Name: Elizabeth Young

Title/Position: Photographer

Instagram/Website: @elizabethyoungpictures /

Elizabeth Young was born in San Francisco. A graduate of the Art Center College of Design, she spent over a decade living and working in New York City. Elizabeth divides her time between Paris and New York City. She is also the co-founder of the Bureau of Found Objects, an online shop specializing in fashion-related books, vintage clothes, etc.
America, Apollo, Beaux Arts, Brides, Buro 24/7, Christie’s, Cosmopolitan, Elle, The EP, Fast Company, The Face, The Fader, Forbes, Glamour/Italy, Harper’s Bazaar/Kazakhstan, i-D, InStyle, Interview, IO Donna, Jane, Latina, Life, Lucky, Mademoiselle, Nerve, Nest, Newsweek, Nylon, Ray Gun, Self, Stereotype, Surface, Télérama, Theme, Travel and Leisure, Vanity Fair, Vibe Vixen, Vogue/Germany
Avon, Bank of America, Benjamin Cho, Benjamin Moore, Bröö, Bugada & Cargnel, Currency, Edwin Jeans, Fancy, Garnish, Inhabit, Johnson and Johnson, !K7, Lars Andersson, Lewis Cho, MAC, MTV, Origins, Musée de l’Orangerie, Neuberger Berman, Reebok, Revlon, Shiseido, Softsheen-Carson, Sony, The Sprezzatura, TBWA\Chiat\Day, T-Mobile, Triple Fat Goose, Ulla Johnson, V2, Zoe Lee

DT: Can you tell us a little bit about yourself? And some highlights in your career? Please name drop (laughs).

EY: I’m a fashion/portrait photographer who currently lives in NYC/Paris. I’m from San Francisco and graduated from Art Center College of Design, California. The highlights of my career are that I’ve been able to: work with creative, talented people at different points in their careers;  encounter different worldviews, find inspiration, learn new things, meet new people; and, evolve with colleagues that I started out with.

DT: Why is it important to have diversity in the beauty and fashion industries?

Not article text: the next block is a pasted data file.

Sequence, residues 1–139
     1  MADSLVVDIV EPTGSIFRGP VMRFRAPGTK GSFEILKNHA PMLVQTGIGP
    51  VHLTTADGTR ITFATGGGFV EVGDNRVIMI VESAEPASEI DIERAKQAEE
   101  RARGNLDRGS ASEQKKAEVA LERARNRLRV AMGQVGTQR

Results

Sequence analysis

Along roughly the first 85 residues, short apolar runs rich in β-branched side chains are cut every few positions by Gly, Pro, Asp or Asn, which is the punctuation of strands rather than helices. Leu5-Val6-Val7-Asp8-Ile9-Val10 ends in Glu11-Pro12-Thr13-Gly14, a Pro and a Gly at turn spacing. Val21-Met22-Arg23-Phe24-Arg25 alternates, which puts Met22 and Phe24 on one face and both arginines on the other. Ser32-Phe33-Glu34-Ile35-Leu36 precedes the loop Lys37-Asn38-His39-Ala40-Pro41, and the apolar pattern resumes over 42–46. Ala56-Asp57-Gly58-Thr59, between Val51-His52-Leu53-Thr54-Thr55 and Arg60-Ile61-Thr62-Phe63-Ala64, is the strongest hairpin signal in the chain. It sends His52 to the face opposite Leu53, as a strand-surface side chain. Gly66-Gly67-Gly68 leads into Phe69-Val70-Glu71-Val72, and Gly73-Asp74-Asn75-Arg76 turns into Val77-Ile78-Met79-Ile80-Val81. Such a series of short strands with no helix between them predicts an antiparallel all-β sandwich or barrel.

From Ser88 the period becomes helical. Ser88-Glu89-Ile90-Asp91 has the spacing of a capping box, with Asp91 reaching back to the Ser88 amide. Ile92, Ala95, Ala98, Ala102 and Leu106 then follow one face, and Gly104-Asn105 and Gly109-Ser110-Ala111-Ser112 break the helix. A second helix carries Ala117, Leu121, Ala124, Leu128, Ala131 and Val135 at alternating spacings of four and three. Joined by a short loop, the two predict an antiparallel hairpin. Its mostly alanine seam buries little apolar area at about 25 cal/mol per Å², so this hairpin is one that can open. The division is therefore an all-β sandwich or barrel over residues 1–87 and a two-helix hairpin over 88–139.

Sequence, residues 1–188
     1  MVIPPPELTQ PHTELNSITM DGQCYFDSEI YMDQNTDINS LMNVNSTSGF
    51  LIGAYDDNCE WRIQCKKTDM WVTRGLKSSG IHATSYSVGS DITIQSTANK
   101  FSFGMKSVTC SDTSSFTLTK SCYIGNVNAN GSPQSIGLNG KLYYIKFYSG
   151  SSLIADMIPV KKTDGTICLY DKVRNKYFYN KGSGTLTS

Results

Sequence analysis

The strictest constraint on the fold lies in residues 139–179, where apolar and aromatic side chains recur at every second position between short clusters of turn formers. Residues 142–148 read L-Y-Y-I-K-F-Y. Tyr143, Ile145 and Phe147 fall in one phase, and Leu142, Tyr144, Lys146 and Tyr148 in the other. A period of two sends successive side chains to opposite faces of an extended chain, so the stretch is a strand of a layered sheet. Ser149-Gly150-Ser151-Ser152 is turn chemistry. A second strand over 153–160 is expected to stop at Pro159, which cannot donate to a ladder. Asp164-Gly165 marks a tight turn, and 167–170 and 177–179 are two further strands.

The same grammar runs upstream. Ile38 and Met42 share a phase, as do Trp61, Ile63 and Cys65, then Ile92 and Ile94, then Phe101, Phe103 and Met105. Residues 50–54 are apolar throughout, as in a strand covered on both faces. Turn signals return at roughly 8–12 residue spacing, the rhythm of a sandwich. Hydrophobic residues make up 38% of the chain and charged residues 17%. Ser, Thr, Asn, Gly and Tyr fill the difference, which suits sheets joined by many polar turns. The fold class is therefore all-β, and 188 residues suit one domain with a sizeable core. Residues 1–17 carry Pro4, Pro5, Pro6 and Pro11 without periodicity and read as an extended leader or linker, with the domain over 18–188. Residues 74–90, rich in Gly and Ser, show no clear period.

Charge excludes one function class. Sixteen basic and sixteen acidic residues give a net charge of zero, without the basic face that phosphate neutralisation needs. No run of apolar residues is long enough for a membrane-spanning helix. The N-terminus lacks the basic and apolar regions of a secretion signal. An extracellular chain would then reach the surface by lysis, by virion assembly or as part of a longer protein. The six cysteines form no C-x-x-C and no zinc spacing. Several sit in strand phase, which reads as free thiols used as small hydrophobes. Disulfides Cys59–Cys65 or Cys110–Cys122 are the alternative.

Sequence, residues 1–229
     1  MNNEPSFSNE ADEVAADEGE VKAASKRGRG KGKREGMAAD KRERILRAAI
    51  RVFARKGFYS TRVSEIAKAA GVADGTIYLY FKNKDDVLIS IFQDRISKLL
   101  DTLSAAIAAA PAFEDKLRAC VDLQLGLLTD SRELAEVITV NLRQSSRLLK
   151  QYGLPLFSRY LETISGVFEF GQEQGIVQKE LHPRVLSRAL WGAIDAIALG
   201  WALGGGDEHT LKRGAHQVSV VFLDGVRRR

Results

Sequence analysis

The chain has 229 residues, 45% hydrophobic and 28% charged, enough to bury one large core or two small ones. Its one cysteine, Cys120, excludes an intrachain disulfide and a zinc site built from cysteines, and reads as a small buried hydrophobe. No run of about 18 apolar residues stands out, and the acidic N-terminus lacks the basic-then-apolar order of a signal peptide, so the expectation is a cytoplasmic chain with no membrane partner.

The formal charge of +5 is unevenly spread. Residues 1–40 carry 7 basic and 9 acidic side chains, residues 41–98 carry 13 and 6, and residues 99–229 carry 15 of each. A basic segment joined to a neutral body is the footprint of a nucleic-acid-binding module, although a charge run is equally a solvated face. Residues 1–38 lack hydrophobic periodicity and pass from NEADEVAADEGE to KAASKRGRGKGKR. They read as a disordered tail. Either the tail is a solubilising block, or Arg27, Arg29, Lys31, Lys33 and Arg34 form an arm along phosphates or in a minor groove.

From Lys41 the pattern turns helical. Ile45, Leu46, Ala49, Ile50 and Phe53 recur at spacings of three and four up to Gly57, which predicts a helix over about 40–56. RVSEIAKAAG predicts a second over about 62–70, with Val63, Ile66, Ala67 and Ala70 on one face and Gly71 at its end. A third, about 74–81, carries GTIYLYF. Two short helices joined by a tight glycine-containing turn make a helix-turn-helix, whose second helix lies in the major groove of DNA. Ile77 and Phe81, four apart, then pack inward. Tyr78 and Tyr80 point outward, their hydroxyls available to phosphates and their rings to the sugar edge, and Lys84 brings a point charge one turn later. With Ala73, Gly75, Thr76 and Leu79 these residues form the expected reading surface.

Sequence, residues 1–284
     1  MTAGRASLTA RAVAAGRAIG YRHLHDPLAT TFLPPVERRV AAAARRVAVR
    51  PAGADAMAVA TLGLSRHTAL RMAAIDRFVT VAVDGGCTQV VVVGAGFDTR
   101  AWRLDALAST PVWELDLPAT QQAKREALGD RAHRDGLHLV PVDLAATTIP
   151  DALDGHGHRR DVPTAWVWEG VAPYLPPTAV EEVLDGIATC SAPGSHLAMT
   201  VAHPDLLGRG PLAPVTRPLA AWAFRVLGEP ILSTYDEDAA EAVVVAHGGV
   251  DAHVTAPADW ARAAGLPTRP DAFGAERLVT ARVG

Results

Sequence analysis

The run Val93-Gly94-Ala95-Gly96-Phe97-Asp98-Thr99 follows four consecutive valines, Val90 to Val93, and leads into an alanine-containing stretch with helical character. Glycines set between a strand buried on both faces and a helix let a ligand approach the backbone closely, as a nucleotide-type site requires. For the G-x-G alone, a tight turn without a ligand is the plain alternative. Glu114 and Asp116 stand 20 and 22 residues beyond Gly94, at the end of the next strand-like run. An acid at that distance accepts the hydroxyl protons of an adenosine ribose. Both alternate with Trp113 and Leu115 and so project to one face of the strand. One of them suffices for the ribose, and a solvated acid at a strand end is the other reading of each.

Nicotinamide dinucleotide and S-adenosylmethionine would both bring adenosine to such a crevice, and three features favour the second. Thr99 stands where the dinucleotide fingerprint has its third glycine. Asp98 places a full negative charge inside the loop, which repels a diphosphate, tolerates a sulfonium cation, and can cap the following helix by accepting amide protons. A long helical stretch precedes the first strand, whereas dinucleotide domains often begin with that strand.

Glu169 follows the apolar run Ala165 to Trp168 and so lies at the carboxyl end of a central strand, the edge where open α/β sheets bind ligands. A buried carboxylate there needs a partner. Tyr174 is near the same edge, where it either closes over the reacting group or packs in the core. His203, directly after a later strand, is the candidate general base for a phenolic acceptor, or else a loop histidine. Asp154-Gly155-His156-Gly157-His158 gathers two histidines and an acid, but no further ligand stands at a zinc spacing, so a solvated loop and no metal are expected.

EY: Diversity is important for representation, inspiration, and empathy. I think people benefit from representation on a conscious level and unconscious level. It’s important to see people who look like oneself in the public eye. Equal representation can inspire and motivate. And seeing people who are different is also important. I like to think that being exposed to different people results in more empathy and tolerance as well as more creativity and inspiration.

Also, being able to honestly discuss the complex issues surrounding diversity is equally important. Having a honest discussion is hard enough on a personal level. Scaling it up to the workplace and beyond is even harder.

DT: Have you seen shifts in the last decade?

EY: Yes, I love seeing a broader range of models across the board. The whole picture is much better than when I was a child. We have a long way to go but I do see progress, even if it feels like one step forward and two steps back at times. Real change is slow. I do think we are living in and contributing to a crucial moment.

DT: In a perfect world, what would be an ideal evolution in the industries of beauty and fashion?

EY: I’d like to see real, last change happen faster. And it would be nice if certain brands could get their act together!

DT: Do you realize that your presence in the industry,  inspires many people around the world?

EY: No, not at all!

DT: What advice would you give your younger self?

EY: “Pay attention; be fully present in the moment but also keep an eye on the middle distance and long-term; be flexible; be open to learning, new experiences, and new people. Do what’s right for you and don’t get distracted by everyone’s opinion. At the end of the day, you have to live for/with yourself.”

DT: Are you living your purpose?

EY: Yes! Sometimes those extra challenging moments make it hard to stay focused but everything always works out in the end.

DT: Finish this sentence, “I am grateful for…”

EY: “…waking up every day, for my health, my friends, my family, and all of the amazing opportunities that have come my way.”